Prostate cancer is a condition that begins in the prostate, often resulting from genetic mutations. There are many options for diagnosing prostate cancer, and its progress or stage determines treatment options. Symptoms or complications of prostate cancer include progressive problems with urination, blood in urine, body pain and erectile dysfunction (ED).
When a patient experiences ED as a complication of prostate cancer, there are new aspects to their treatment that must be considered. Because this topic is often private for patients, physicians are trained to discuss this condition with the greatest level of sensitivity and work alongside patients to achieve positive outcomes.
Prostate Cancer Definition, Symptoms and Complications
What is prostate cancer?
The prostate is a small gland in the male reproductive system that produces seminal fluid. The prostate is located just below the bladder and in front of the rectum.
Cancer beginning in the prostate occurs when abnormal cells begin to grow out of control in the prostate tissue, often first detected as an unusual lump in the tissue. The tumors beginning in these organs can spread to lymph nodes, tissues and other organs in the lower abdomen as the cancer progresses.
After skin cancer, prostate cancer is the most common cancer among people assigned male at birth and one of the leading causes of cancer death among men in the United States. This is largely because many prostate cancers are detected late, when treatment is most difficult. With early detection, prostate cancer is very curable.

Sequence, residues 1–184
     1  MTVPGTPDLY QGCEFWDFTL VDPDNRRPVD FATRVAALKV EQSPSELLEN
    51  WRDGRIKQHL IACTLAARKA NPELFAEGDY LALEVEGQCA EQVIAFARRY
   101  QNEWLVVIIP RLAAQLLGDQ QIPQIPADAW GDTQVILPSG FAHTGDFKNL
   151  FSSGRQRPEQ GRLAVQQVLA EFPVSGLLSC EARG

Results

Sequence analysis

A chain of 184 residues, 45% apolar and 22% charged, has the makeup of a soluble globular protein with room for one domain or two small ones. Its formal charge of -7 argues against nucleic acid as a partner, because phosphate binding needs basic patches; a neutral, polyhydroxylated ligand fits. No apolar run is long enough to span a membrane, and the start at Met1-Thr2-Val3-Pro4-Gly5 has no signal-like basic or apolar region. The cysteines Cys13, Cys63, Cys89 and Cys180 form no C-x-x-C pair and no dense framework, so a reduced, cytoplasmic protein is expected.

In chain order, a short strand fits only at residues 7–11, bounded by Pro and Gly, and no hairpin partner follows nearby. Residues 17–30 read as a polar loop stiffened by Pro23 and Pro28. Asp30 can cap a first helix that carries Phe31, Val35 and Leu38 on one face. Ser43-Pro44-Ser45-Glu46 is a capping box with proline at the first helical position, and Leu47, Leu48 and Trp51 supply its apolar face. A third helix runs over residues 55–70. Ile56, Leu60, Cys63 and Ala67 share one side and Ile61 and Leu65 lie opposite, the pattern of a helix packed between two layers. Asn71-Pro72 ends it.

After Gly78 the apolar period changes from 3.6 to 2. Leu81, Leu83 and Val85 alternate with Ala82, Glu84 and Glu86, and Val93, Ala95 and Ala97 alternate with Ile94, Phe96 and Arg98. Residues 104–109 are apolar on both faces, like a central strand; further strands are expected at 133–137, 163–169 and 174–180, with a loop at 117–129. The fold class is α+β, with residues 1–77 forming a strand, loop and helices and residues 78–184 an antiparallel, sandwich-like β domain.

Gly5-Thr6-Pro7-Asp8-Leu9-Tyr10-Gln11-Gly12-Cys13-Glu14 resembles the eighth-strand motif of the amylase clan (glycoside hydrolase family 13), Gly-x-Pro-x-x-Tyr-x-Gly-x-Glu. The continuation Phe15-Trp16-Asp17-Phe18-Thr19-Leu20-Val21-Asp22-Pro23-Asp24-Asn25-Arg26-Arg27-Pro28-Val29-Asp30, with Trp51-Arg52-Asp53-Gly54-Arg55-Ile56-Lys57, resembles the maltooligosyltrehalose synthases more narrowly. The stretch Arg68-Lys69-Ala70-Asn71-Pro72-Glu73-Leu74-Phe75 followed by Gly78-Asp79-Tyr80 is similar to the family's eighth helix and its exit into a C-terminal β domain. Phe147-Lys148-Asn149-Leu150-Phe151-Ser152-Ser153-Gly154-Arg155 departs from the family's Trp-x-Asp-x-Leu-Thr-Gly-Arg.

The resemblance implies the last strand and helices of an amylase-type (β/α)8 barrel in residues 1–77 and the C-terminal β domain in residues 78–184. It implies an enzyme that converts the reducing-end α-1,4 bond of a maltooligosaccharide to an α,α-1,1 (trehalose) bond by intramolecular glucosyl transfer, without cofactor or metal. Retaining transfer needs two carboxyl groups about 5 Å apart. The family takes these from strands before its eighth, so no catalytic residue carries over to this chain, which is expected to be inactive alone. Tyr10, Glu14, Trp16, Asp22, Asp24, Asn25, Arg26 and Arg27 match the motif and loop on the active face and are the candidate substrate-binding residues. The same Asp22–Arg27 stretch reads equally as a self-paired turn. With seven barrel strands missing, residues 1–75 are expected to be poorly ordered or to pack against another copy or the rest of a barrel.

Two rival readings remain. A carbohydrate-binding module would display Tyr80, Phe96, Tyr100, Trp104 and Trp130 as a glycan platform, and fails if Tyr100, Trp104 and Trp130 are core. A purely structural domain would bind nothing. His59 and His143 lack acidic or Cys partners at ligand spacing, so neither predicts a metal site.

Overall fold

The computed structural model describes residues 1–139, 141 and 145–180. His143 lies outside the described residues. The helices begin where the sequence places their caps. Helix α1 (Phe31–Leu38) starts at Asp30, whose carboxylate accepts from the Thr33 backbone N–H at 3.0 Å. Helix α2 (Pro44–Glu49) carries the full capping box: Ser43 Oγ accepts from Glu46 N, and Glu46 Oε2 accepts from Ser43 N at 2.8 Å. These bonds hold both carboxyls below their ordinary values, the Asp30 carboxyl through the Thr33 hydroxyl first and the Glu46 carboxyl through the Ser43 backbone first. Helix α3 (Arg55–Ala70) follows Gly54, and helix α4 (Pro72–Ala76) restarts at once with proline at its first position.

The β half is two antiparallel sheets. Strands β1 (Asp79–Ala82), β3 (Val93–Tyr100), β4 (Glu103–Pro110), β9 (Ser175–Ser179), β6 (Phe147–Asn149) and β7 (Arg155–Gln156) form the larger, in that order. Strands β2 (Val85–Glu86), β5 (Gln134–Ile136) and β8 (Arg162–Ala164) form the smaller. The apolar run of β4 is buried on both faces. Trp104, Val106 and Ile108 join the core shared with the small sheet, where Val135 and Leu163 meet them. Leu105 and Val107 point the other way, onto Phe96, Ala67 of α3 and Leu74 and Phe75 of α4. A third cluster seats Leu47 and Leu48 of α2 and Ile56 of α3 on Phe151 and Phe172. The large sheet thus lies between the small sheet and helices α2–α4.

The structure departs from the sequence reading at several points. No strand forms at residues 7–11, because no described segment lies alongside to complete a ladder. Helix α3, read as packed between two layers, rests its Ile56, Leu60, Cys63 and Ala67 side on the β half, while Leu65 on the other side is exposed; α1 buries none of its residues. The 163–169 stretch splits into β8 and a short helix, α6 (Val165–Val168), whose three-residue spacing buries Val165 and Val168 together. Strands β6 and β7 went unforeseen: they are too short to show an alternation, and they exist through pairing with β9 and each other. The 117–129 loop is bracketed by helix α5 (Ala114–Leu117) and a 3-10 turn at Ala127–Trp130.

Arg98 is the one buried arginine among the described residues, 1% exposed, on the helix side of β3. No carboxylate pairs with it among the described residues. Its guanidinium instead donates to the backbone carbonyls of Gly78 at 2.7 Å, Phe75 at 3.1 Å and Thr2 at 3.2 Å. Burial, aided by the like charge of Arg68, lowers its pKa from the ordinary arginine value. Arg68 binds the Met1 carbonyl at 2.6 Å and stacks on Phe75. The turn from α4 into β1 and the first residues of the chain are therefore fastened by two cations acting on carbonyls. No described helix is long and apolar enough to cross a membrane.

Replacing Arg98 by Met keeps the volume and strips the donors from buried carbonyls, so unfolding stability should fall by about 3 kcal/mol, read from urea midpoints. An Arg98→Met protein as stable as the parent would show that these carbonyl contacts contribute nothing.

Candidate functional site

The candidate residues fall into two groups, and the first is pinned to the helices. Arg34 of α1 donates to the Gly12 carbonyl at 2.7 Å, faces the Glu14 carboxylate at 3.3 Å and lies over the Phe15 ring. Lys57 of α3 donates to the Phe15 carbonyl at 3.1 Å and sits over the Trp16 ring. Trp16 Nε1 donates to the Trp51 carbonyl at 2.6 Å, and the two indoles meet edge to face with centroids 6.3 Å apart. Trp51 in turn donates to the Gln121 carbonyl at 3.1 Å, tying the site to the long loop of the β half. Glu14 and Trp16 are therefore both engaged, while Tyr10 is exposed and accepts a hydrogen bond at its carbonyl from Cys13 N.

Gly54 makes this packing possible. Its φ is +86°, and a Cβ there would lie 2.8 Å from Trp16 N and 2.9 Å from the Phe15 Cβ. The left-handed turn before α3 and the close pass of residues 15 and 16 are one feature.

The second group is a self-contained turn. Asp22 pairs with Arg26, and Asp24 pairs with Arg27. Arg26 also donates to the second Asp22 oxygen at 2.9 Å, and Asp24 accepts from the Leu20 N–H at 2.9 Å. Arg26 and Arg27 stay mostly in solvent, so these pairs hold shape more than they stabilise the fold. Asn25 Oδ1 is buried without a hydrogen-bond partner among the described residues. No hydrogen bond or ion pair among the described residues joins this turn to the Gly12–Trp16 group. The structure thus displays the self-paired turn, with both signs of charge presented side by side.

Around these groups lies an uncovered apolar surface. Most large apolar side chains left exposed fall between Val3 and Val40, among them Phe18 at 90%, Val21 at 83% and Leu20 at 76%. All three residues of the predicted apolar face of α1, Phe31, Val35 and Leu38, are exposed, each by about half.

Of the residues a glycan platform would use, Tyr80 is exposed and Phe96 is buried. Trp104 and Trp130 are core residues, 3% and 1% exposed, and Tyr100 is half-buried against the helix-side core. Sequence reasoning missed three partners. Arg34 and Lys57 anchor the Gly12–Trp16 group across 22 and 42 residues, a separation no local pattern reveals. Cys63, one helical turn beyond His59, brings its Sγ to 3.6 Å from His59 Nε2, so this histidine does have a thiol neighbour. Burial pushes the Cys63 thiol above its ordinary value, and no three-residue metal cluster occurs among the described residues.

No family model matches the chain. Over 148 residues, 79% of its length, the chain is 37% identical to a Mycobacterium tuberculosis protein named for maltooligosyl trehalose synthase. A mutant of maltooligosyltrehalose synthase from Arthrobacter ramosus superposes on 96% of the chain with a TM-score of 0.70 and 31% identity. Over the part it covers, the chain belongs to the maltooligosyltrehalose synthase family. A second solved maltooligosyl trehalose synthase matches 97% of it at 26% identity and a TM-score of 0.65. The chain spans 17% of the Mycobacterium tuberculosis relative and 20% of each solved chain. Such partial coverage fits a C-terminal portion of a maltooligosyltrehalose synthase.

The risk of developing prostate cancer increases with age. Regular screenings (if you’re eligible) are vitally important. Screening also increases the likelihood of catching prostate cancer in its earlier stages, when it is easier to treat.
What are the symptoms of prostate cancer?
- Weak or interrupted (“stop-and-go”) flow of urine
- Sudden urge to urinate
- Frequent urination (especially at night)
- Trouble starting the flow of urine
- Trouble emptying the bladder completely
- Blood in the urine or semen
- Pain or burning while urinating
- Pain in the back, hips, or pelvis that doesn’t go away
Common complications for prostate cancer include urinary incontinence, metastasis and conditions involving the function of the penis, such as erectile dysfunction (ED).
Prostate Cancer and ED
What is erectile dysfunction?
Erectile dysfunction or ED is the consistent inability to achieve an erection sufficient for satisfactory intercourse. Although not all people with ED identify as men, as many as 30 million Americans have ED. Most men with ED are sexually active, but they are usually having problems with how they may expect their body to respond or function during intercourse.
If a patient is experiencing ED, there is a 90% chance that something known as an “organic cause” is responsible for the condition. An organic cause for ED would be any underlying medical condition that affects the blood supply or nerves to the penis, resulting in ED. The patient may not know they have diabetes, high blood pressure, a heart condition, cholesterol levels over 300 or prostate cancer. Most people who have these major medical problems have ED before they show symptoms of these conditions.